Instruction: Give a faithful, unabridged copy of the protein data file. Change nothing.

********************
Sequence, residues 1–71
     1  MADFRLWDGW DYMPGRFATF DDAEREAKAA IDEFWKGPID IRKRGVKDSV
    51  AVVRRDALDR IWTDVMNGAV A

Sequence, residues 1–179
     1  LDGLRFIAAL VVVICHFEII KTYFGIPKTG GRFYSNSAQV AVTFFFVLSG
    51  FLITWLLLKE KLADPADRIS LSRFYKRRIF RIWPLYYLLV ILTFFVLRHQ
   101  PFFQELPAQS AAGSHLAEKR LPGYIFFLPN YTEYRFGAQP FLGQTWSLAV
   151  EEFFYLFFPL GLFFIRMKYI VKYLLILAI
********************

Sequence, residues 1–71
     1  MADFRLWDGW DYMPGRFATF DDAEREAKAA IDEFWKGPID IRKRGVKDSV
    51  AVVRRDALDR IWTDVMNGAV A

Sequence, residues 1–179
     1  LDGLRFIAAL VVVICHFEII KTYFGIPKTG GRFYSNSAQV AVTFFFVLSG
    51  FLITWLLLKE KLADPADRIS LSRFYKRRIF RIWPLYYLLV ILTFFVLRHQ
   101  PFFQELPAQS AAGSHLAEKR LPGYIFFLPN YTEYRFGAQP FLGQTWSLAV
   151  EEFFYLFFPL GLFFIRMKYI VKYLLILAI